Monday, June 10, 2013


We just returned from twenty-three days in Ireland and England.  It was a dream trip from childhood, but also one I'd long hoped to take as a research opportunity.

One can Google details, look at the photos in coffee table books, and talk to people who live in another country, but its never quite the same as actually being there and experiencing that country, culture and terrain.

When you travel, are you sometimes surprised by the little differences you hadn't expected?  A different city...another state...a different region of your country...the accents, the terminology for basic things, the general vibe can be so unique.  For instance, in all of Ireland, at restaurants, hotels and B&Bs, we found brown sugar, white sugar and raw sugar available on the table for coffee, but no artificial sweetener...and in both countries, "mushy peas " were the standard addition to every order of fish and chips.  We have never seen that in the USA!

While on our trip, I took pages and pages of notes for the future, and took thousands of digital photographs (hoping for a few that would turn out all right!) and tried to absorb the details and the differences we discovered while traveling, hoping to better flavor a book proposal later on.

I was charmed by some of the signs we "Polite Request: No Parking Here"  in an English village, and I was a bit overwhelmed and saddened by the many political murals on the sides of buildings in Belfast, which really brought home the anguish and intensity of the past Irish troubles.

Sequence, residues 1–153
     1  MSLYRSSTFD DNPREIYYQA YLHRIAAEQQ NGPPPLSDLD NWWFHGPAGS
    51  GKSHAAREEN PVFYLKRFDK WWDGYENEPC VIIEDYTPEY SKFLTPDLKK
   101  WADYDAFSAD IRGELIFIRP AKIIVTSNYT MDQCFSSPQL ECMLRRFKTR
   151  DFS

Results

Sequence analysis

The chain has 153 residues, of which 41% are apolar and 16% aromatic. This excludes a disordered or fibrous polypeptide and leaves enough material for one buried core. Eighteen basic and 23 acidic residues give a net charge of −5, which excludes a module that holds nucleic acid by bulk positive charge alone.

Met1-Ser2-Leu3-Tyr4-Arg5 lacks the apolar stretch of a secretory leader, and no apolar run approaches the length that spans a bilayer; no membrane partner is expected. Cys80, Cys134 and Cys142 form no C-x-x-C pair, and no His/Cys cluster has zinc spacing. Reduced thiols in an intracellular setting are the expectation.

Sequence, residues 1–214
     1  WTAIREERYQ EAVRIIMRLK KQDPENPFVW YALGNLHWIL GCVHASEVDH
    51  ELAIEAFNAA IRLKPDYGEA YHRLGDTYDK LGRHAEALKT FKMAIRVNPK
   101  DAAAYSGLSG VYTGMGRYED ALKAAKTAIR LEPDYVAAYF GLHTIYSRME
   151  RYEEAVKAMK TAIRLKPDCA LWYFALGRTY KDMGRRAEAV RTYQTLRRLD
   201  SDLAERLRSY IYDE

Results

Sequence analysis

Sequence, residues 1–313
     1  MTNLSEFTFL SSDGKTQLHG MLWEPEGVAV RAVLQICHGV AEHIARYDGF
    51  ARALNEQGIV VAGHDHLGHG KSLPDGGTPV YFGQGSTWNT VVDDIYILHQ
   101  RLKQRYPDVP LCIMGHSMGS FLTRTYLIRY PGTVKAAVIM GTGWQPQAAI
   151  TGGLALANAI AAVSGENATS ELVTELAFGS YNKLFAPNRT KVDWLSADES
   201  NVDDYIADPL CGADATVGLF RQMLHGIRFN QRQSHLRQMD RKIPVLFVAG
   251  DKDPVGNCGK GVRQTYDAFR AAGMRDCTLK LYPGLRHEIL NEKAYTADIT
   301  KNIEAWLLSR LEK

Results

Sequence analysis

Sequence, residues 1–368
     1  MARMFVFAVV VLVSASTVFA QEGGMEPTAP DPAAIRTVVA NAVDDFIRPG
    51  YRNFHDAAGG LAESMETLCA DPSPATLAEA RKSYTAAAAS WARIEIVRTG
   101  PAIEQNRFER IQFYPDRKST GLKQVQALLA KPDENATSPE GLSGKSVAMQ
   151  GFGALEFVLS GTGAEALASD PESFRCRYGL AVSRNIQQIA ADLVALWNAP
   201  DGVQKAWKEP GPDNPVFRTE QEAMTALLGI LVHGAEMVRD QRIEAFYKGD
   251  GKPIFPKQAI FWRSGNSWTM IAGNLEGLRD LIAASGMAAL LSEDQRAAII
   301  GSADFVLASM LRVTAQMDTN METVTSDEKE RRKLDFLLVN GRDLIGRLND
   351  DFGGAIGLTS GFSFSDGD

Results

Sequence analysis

The impact of hearing about it from afar and seeing the many well-tended memorials displayed today are indeed, worlds apart.

And I never thought we'd actually see gypsies--real ones--camped along the side of a road in England! With horses!  We'd passed by earlier in the day, and their horses were staked out to graze along the road...then found them hitched up and ready to move on when we passed by later.
All of these things could someday flavor or even inspire a new story idea.

And for a story idea farther back in time, the tombs and marble effigies in the crypt below Christ Church in Dublin could provide a lot of ideas.   Take a look at the figures standing around the deceased in the marble effigy.

Just the positions and expressions seem to reveal very different emotions in these people....from the mourning woman and supportive person at her side, to the casual stance of the man at the right...idly waiting to take over the man's title and lands?  Maybe not, in real life, but my mind started to come up with all sorts of possible scenarios.

Writers draw from their own experiences, the news and their research when coming up with  settings, characters and details for their stories.

Even if you aren't a writer, where have you been that seemed perfect for inspiring a story?  Or are there current events that would seem like a good basis for novel?  What type of stories (and settings) do you like to read the most?

All the best,
Roxanne Rustand

No comments:

Post a Comment